The 5 craziest sentences in Vogue's profile of Tim Cook and Jony Ive

You should read the whole thing, but brace yourself.

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Apple can’t help showing off sometimes—and they should! They make cool things that people really like, and the stories of how those things get made are quite interesting and deserve to be told.

So from time to time, they’ll invite someone over like Stephen Fry or Steven Levy, or occasionally a non-Stev(ph)en—like Vogue’s Rob Haskell, who published an exclusive interview with Tim Cook, Jony Ive, and Norman Foster, the noted British architect who designed Apple’s circular campus now under construction.

Haskell’s piece, “Apple and Fashion: A Love Story for the Digital Ages,” clocks in at a breezy 900-odd words, so you should definitely check it out. For what it lacks in insight, it makes up for in prose—below are the five most bananas sentences, as chosen by the Macworld staff in our Slack just now.

In its current form, the pyramid [of dug-up dirt] suggests nothing so much as Giza brought to Cupertino, as if that ancient triumph of human hands had decided to seek an audience with the high priests of technology.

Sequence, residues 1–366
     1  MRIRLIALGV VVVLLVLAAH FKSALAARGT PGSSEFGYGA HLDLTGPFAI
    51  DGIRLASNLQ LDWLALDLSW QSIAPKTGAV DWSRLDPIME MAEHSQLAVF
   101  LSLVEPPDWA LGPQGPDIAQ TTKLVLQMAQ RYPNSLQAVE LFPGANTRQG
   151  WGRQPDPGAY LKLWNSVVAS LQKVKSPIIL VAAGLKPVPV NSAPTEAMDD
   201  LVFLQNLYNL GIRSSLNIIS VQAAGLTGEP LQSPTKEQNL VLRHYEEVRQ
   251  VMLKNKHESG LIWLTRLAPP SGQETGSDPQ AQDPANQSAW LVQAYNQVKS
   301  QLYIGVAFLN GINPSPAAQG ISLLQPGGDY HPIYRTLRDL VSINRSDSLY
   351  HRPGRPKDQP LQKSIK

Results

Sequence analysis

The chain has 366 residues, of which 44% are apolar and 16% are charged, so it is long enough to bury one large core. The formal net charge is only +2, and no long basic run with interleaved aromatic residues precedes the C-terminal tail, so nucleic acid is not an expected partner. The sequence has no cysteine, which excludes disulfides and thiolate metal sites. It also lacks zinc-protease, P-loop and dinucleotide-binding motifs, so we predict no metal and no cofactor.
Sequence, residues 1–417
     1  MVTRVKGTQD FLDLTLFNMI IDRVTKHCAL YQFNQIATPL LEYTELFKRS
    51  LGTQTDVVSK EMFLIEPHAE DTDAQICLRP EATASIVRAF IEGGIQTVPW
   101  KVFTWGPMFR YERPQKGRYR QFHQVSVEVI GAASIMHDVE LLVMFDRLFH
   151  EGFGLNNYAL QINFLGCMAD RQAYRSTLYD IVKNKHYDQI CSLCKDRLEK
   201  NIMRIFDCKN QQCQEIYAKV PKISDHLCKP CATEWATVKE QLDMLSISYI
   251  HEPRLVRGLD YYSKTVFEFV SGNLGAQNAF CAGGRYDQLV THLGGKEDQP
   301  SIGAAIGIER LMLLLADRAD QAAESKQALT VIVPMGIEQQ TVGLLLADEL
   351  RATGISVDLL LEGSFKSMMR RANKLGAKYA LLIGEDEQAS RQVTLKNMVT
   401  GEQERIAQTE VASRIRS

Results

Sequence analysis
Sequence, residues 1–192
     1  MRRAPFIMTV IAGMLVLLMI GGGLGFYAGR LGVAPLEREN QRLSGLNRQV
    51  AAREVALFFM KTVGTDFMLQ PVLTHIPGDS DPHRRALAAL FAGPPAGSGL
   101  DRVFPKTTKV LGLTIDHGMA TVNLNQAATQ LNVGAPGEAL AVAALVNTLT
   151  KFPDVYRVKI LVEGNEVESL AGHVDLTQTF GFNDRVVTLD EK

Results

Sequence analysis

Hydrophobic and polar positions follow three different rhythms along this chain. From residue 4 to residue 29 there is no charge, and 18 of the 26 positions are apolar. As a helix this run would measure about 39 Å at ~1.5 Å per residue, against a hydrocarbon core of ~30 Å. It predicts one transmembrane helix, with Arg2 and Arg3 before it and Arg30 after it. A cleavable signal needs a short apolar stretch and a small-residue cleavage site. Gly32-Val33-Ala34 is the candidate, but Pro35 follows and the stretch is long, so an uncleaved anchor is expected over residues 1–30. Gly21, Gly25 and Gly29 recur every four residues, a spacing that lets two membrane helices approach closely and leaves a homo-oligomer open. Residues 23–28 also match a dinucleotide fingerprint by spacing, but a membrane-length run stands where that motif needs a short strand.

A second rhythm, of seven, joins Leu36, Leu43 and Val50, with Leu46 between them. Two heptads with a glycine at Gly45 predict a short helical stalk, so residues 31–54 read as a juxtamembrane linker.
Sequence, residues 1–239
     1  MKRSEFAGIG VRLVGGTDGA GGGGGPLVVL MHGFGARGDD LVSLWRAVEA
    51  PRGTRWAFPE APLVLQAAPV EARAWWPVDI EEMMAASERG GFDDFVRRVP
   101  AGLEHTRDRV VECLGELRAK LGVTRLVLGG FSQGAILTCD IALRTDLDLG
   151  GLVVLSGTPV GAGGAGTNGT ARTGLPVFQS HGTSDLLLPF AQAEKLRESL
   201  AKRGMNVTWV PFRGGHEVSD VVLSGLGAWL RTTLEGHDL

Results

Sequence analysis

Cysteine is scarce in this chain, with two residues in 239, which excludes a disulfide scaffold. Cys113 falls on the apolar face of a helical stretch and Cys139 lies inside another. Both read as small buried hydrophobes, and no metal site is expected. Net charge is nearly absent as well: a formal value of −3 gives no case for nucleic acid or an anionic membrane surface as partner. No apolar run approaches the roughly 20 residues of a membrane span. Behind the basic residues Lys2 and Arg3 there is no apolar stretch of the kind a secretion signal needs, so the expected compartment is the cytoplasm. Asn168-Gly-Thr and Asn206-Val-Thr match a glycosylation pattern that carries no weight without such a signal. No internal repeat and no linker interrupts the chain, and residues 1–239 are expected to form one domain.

Hmmm, might not want to make an analogy to something literally built by slave labor in an article about Apple.

“The sheets of glass are so long, so clear, that you don’t feel that there is a wall between you and the landscape,” [Foster] says.

Yes, that’s how glass works. It’s a wall you can see through.

“And at the same time the building is an echo of the ethos of Apple, which designs artifacts that, though they fulfill all sorts of functions, exist abstractly in their own right.”

Buildings exist, Apple products exist, both fulfill functions. Got it.

Talking over coffee on the old campus about the growing synergy between the company and the fashion world, Ive points to his rose-gold Apple Watch, a precious counterpoint to the Clarks on his feet.

Are Clarks fashionable? I’ll defer to Vogue here.

“There was a time when even the metal needle would have been seen as shocking and profoundly new.”

That time could have been more than 6,000 years ago, but who’s counting?

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